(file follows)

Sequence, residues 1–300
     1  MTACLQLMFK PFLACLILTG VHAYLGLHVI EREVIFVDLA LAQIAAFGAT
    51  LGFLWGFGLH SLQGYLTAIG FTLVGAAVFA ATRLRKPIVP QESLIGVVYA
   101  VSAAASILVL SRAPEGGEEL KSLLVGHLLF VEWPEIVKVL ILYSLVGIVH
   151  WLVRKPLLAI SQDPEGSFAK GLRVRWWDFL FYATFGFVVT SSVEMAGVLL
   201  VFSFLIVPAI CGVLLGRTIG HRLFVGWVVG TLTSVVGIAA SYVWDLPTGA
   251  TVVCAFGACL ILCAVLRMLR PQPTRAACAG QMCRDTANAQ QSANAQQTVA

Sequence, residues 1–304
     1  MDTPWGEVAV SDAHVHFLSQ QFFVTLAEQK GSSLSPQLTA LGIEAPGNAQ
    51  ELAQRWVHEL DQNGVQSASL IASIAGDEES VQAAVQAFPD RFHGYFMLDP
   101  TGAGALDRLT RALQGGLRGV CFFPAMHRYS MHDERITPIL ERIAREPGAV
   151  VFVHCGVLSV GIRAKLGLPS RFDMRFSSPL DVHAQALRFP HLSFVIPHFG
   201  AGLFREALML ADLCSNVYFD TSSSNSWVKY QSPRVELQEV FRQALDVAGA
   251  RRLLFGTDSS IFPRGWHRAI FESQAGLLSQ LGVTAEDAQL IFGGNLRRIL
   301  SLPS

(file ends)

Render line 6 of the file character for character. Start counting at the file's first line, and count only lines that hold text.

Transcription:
   201  VFSFLIVPAI CGVLLGRTIG HRLFVGWVVG TLTSVVGIAA SYVWDLPTGA